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Why Should the United States Legalize Marijuana?

Updated on April 22, 2014

Marijuana, A Safe and Effective Remedy

Freedom to use Marijuana

Some states have approved the use of medicinal marijuana, as well as decriminalized possession of small amounts. Recently, Colorado and Washington have legalized it completely. House Representatives have created a bill to remove marijuana from the controlled substance classification. They are fighting the 1970 Controlled Substances Act, which labeled marijuana a Schedule 1 drug, meaning that it has no medical use and is strongly abused. There is massive evidence for the medicinal benefits of marijuana, and studies have shown that it has very few harmful effects to the body. The majority of Americans agree that the adults should have the right to legally use cannabis. There are an estimated 14 million marijuana users in the nation. Legalizing it would support the American ideology of freedom for all, and would make a positive impact on the nation’s economy.

Compassion is the Key

There is no doubt that marijuana has medicinal benefits, and progress for legalization is being made at the state level. At this time, 18 states have made it legal for patients to possess it, and in some states, grow it for personal use. The common framework for a patient to become approved for medicinal marijuana begins with a diagnosis of a qualifying condition. The conditions for which it is approved include: Cancer, AIDS, MS, Crohn’s Disease, and other conditions that produce pain, nausea, muscle spasms, and seizures (Mikos). After the physician makes a recommendation, the patient may register with the state and is exempt from arrest and prosecution. However, because of its federal illegality, marijuana is still difficult for these patients to obtain. Compassion is of the utmost importance for ill patients who truly find relief by using it. One solution is for states to run growing and production facilities, but they are threatened by DEA drug seizures and prosecution. In fact, the DEA has raided at least 200 medical marijuana cooperatives in California alone (Mikos). In order to help patients access the much needed cannabis, legalization is the best solution.

An Effective Remedy

The Mayo Clinic has listed some medical condition and symptoms that cannabis has been shown to reduce or alleviate. The active components in cannabinoids reduce chronic pain, by having an effect on the central nervous system and immune cells. For patients suffering from MS, research shows a reduction in neuropathic pain and muscle spasms. It has also been effective for a reduction in seizures in epileptic patients and relief from eczema. Patients use marijuana to reduce the symptoms of Huntington’s Disease and Cancer, because the drug can increase appetite and reduce nausea. Many patients report that the cannabis is more tolerable and has fewer side effects than pharmaceutical drugs.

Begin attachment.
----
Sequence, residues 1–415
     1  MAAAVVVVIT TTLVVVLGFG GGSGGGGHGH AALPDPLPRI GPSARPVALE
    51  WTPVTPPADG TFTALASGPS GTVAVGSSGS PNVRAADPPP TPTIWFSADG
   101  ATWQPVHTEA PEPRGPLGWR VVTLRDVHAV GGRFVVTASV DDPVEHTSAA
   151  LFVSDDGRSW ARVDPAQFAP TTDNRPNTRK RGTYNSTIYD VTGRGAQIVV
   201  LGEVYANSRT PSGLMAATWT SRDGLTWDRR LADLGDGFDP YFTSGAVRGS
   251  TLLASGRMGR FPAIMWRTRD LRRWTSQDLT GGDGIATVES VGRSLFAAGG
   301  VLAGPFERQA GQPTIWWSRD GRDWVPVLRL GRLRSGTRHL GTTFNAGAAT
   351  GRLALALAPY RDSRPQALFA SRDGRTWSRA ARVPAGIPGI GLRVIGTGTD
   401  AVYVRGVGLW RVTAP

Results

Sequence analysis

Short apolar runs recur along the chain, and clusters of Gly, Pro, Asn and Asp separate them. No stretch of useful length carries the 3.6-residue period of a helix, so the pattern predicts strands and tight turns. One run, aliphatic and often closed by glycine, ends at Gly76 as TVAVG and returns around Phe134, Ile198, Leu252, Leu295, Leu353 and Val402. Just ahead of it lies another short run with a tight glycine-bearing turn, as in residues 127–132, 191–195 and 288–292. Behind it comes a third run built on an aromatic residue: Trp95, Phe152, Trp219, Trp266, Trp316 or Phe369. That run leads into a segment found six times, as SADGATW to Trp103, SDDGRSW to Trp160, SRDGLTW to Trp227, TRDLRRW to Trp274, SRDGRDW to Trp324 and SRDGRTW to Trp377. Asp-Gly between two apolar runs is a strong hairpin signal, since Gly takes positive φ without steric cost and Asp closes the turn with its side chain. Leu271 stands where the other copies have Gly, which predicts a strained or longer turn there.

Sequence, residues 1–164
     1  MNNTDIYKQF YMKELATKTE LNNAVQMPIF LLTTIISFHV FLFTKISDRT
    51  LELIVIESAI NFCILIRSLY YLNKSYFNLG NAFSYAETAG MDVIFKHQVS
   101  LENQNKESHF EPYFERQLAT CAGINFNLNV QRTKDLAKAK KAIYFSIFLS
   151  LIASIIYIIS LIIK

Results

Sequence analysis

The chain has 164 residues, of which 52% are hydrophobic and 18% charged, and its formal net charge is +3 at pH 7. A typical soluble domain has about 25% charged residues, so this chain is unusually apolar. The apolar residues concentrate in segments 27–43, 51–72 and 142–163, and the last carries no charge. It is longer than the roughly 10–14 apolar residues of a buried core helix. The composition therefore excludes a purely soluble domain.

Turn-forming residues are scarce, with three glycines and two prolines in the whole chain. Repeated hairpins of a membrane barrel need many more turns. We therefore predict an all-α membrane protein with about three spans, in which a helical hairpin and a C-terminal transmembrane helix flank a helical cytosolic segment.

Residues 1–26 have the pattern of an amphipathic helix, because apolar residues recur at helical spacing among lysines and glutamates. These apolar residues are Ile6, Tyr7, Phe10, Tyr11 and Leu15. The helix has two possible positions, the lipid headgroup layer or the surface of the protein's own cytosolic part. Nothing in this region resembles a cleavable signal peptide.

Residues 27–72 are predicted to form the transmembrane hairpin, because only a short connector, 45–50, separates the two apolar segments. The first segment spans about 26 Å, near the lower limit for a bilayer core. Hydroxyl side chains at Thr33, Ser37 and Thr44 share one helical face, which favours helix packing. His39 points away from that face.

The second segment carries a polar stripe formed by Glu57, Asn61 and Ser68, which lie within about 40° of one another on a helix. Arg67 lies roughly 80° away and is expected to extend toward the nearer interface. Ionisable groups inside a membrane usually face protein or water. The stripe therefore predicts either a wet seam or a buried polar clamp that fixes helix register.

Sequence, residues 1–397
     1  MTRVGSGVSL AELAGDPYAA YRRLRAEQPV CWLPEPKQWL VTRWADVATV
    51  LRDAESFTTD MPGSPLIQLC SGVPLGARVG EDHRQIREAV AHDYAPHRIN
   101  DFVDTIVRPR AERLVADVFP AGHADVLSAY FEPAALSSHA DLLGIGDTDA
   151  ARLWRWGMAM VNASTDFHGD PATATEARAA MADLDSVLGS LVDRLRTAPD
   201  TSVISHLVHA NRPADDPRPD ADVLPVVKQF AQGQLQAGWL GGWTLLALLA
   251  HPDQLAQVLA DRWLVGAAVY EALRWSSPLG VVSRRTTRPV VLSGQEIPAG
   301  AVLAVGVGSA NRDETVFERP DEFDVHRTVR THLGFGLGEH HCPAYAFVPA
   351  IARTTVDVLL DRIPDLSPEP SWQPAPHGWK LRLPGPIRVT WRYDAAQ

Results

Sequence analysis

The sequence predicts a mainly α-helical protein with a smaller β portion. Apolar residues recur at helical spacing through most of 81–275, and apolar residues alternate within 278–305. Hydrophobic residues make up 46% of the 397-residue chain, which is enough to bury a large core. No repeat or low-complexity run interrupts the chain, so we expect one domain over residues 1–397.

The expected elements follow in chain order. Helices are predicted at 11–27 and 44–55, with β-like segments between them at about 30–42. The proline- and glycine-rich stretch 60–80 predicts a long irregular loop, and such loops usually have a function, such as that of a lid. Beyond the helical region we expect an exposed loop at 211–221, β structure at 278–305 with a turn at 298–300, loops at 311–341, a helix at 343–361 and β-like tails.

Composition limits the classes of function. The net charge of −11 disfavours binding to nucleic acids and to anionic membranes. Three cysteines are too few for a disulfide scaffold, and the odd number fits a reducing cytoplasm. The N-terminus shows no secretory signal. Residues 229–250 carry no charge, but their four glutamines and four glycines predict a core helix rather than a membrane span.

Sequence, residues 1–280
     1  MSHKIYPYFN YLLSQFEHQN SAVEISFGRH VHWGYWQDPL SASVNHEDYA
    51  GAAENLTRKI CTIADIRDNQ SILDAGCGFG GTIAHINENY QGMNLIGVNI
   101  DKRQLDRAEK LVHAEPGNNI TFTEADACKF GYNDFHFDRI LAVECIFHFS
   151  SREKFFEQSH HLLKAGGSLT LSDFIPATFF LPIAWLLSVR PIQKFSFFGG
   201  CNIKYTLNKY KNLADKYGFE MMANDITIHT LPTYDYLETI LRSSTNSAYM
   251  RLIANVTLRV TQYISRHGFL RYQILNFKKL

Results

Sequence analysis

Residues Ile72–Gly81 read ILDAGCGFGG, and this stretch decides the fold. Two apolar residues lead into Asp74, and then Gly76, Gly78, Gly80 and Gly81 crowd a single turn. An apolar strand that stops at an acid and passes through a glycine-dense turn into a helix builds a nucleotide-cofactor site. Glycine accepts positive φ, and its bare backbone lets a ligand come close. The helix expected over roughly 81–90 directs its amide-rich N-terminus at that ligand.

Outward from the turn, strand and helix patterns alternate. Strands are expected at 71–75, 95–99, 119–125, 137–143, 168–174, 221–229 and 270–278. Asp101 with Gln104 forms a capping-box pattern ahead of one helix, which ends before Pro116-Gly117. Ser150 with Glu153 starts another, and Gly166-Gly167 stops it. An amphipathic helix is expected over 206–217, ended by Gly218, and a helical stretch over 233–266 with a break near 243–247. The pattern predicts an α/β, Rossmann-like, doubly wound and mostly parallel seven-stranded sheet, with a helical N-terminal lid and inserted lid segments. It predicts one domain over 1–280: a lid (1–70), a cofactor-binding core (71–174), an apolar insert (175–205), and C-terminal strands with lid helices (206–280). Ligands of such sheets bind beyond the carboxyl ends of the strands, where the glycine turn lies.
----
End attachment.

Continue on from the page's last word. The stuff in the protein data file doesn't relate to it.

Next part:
What's the Harm in Legalization?

The government classifies marijuana as a Schedule 1 drug, and claims that it is strongly abused. Many people would argue that there are legal harmful substances being abused, especially alcohol and tobacco. Studies have shown that marijuana is no more harmful than these substances. A person using recreational cannabis will typically experience relaxation, euphoria, and heightened sensations. Many people consider the marijuana to be an effective remedy for anxiety, depression, headaches, muscle strain, and insomnia. To overdose on pot is impossible, and no reported deaths exist due to its use. It is contradictory that the FDA permits alcohol and tobacco, while acknowledging their harmful effects and risks of fatality. Marijuana has less addictive qualities and is not pharmacologically linked with overdose or violence

State Legalization

States that have decriminalized marijuana have good reason to do so. This saves the state from wasting funds on policing and enforcing justice on marijuana users. Besides saving resources, overcrowding of prisons is prevented and funds can be redirected to more important causes. By tolerating the drug, the State is helping to change public opinion, making it more widely accepted. The state is essentially suggesting to the public that it is safe and beneficial, making it less taboo and more mainstream.

A Waste of Resources

The government continues to fight the popular opinion of legalization. By formally condemning marijuana, the government is able to portray the drug as dangerous and harmful. In his article, "On the Limits of Supremacy: Medical Marijuana and the States' Overlooked Power to Legalize Federal Crime.," Mikos explains that,